Our Lady's Nurses for the Poor in the Maitland-Newcastle Diocese

Our Lady’s Nurses for the Poor, fondly known as ‘The Brown Sisters’ because of the distinctive colour of the long cloaks and bonnets of their original religious habit, came to the Diocese of Maitland-Newcastle in 1962.

Our Lady's Nurses for the Poor in the Maitland-Newcastle Diocese

Our Lady’s Home was established at Janet St, Merewether, and it is from here that the work of the Order started by Eileen O’Connor and Fr Edward McGrath in 1913 continues to this day.

 

Reaching out to the “poorest of the poor” - families, individuals, disadvantaged young and frail aged - in their own homes, was the willing endeavour of the initial Sisters sent to Newcastle – Srs Patricia Davoren, Marie Purcell and Greta Gabb.

 

Over the years other OLN Sisters also became well known friends and helpers of many Novocastrians and are often enquired about, out of fond memories and affection for their compassionate works, viz Srs Pat Byron, Patricia Davis, Gabrielle Bast and Pat Malone.

 

Sr Margaret Mary Birgan, (the present Sister-in-Charge of Our Lady’s Home, Newcastle) first came to Newcastle in 1984 and has continued the Brown Sisters' “love in action” to this day, the past 14 years on her own as the only Sister in residence. Sr Margaret Mary is also the present Congregational Leader of Our Lady’s Nurses for the Poor but her work and close ties with Our Lady’s Home in Newcastle is still a high priority.

 

“I am continually inspired by the love and generosity of our benefactors and supporters here in Newcastle, who work tirelessly to provide the financial assistance that allows us to continue on a day to day basis.  Many good people really want to help the poor and they do through us, the Brown Sisters.  We couldn’t survive without their vision and assistance.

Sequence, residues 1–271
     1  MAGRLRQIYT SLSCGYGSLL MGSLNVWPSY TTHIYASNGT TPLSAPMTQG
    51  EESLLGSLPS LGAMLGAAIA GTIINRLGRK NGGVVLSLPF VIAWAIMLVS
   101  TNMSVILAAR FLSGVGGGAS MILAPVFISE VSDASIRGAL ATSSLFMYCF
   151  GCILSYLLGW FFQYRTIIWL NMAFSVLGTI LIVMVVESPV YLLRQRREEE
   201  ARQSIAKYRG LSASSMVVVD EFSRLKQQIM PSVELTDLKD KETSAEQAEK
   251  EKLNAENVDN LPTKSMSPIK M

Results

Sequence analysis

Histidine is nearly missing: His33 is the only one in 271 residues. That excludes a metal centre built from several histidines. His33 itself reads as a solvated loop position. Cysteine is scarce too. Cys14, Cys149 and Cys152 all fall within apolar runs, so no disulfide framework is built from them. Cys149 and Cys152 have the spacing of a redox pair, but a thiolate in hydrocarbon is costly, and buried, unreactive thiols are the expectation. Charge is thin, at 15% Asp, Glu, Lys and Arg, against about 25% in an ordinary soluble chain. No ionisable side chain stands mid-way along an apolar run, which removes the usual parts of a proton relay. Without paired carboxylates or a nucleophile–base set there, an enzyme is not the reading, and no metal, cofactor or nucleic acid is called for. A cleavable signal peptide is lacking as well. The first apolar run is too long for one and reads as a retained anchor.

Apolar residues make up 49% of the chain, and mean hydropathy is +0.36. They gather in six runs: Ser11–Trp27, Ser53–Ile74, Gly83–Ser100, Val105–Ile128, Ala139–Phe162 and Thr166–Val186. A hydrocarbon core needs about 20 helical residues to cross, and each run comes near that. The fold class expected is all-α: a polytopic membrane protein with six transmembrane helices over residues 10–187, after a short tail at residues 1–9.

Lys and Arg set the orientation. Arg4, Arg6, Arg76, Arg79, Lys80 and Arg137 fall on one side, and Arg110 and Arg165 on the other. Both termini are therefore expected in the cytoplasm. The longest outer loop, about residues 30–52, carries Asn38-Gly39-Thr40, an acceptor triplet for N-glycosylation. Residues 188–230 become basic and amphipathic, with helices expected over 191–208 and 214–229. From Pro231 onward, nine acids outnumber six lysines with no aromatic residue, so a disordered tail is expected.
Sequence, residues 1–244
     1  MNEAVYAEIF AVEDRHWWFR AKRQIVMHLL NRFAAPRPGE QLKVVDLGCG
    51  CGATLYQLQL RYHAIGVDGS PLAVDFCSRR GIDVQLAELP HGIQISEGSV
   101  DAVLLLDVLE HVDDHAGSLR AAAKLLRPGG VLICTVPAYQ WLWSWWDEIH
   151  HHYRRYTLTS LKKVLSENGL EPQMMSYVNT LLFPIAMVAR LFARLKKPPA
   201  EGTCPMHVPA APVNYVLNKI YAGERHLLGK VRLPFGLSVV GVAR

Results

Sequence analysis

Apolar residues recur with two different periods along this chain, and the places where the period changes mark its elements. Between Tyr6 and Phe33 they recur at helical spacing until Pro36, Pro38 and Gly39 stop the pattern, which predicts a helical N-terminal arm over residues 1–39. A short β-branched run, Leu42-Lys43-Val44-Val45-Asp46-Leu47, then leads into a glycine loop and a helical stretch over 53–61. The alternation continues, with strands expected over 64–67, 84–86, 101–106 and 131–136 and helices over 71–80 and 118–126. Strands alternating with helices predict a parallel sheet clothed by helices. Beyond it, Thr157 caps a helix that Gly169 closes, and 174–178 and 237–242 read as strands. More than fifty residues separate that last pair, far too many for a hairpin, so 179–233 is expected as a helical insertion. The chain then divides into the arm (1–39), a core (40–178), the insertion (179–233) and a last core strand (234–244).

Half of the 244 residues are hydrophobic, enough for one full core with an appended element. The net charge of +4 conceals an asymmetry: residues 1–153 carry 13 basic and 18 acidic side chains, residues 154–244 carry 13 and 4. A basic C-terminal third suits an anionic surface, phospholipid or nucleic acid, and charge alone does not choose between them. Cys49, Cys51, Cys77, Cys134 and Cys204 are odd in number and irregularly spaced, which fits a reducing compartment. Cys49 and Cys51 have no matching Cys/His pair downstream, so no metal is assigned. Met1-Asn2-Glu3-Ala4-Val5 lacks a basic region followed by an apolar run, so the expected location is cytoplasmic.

When we first began the work, welfare services, government and non-government, were not as prevalent as they are now.  But many of the poor, sick and disadvantaged lack the skills, the motivation, the education and the sheer physical capability to reach out and make their plight known.  Poverty, mental illness, physical pain, all of these conditions are a real retardant and inhibitor which means a great number of those most in need is actually hidden within our communities.

 

Mothers with children face the grim reality of poverty on a daily basis.  The mentally ill, often homeless, certainly marginalised, is one of our greatest poverties in Australia today.  Our isolated frail aged without families, the sick and neglected.  Too many of these people lack the expertise and even the spirit to access formal welfare services.  They are literally beaten before they start.  These are Eileen O’Connor’s special poor, and that is where we are most needed and try so hard to be.

 

Our numbers may be small, but I have great trust in and admiration for my sister companions.  Each one has brought her own uniqueness, love and God’s gifts to our order.  I am constantly encouraged by them wherever they are.

 

Vocations?  Sadly too few to fill the need.  I believe it to be vitally important that young people (and those of a more mature age) stop long enough to listen to the LOVE in their life.  The love of which so many never experience even a portion. And then make a life-changing, life-enhancing decision to go to where the need exists."

 

PHOTO: LtoR Sr Theresa (Cissie) McLaughlin (first companion/'recruit'/ Mother Superior for Eileen O'Connor), Sr Pat Davoran, Sr Marie Purcell (first Mother Superior, Newcastle and Sr Greta Gabb. (From OLN Archives- Coogee)

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